# Structure vs. Invariants in Proofs (StrIP)

Lead Research Organisation:
University of Birmingham

Department Name: School of Computer Science

### Abstract

All numbers are even or odd. But why? How could I prove this *formally*? One way is to notice that the parity of a number flips every time we add 1, another way is to just check the last digit. Both of these 'proofs' induce an 'algorithm' for checking whether a number is even or odd. However in the latter case the algorithm is exponentially more efficient, - we only need to look at one digit rather than generate the entire number from scratch. In this way we can say that the two proofs are really *different*.

'Structure vs. Invariants in Proofs' (StrIP), at its most abstract level, is concerned with understanding when two proofs are different or the same. This is a question in proof theory that can be traced back to the early 20th century, and is often known as Hilbert's 24th problem. While it is a fundamentally theoretical question, Hilbert's 24th problem and the proof theoretic endeavours that have followed underlie many aspects of modern computer science, such as programming language theory and computability theory. In particular, proof theory is one of the foundational pillars of Formal Verification. This is an emerging field that allows us to often *guarantee* that software functions correctly, and is set to become increasingly relevant for certifying software in the real world.

However, there remains one fundamental barrier to resolving Hilbert's 24th problem: inductive reasoning. 'Induction' is a powerful proof technique that is indispensable in mathematics and computer science; it allows us to prove a property P(x) for all numbers x by first proving P(0) then proving that P(x) always implies P(x+1). It is like an infinite sequence of dominoes: if I knock over the first one, every other one will eventually fall. On the computing side, a proof theoretic treatment of induction is a necessity in order to reason about general computer programs.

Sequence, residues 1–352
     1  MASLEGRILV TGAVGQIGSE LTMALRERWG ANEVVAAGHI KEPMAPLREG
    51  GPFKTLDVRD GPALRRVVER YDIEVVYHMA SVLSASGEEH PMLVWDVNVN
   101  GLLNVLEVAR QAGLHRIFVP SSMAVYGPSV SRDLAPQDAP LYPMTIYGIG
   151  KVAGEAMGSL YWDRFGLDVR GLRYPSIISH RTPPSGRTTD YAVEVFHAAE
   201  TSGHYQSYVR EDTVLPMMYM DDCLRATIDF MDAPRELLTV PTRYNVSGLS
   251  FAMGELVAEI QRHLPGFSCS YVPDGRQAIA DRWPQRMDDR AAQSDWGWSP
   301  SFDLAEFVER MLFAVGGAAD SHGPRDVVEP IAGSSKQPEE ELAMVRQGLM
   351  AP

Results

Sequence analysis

The goal of StrIP is to give a comprehensive treatment of induction via the notion of 'cyclic proofs'. This is a phenomenon that has emerged in computational logic over the last 20-30 years and allows us to decompose induction into finer computational steps in a finitary way. By combining this with other recent ideas in proof theory, so-called 'Deep Inference', StrIP will build a bridge between two of the most important subjects in theoretical computer science: proof theory and automata theory. Ultimately, the goal is to apply the techniques developed to Automated Reasoning via concrete implementations, and more generally to the automated verification of computer programs.

'Structure vs. Invariants in Proofs' (StrIP), at its most abstract level, is concerned with understanding when two proofs are different or the same. This is a question in proof theory that can be traced back to the early 20th century, and is often known as Hilbert's 24th problem. While it is a fundamentally theoretical question, Hilbert's 24th problem and the proof theoretic endeavours that have followed underlie many aspects of modern computer science, such as programming language theory and computability theory. In particular, proof theory is one of the foundational pillars of Formal Verification. This is an emerging field that allows us to often *guarantee* that software functions correctly, and is set to become increasingly relevant for certifying software in the real world.

However, there remains one fundamental barrier to resolving Hilbert's 24th problem: inductive reasoning. 'Induction' is a powerful proof technique that is indispensable in mathematics and computer science; it allows us to prove a property P(x) for all numbers x by first proving P(0) then proving that P(x) always implies P(x+1). It is like an infinite sequence of dominoes: if I knock over the first one, every other one will eventually fall. On the computing side, a proof theoretic treatment of induction is a necessity in order to reason about general computer programs.

The goal of StrIP is to give a comprehensive treatment of induction via the notion of 'cyclic proofs'. This is a phenomenon that has emerged in computational logic over the last 20-30 years and allows us to decompose induction into finer computational steps in a finitary way. By combining this with other recent ideas in proof theory, so-called 'Deep Inference', StrIP will build a bridge between two of the most important subjects in theoretical computer science: proof theory and automata theory. Ultimately, the goal is to apply the techniques developed to Automated Reasoning via concrete implementations, and more generally to the automated verification of computer programs.

### Planned Impact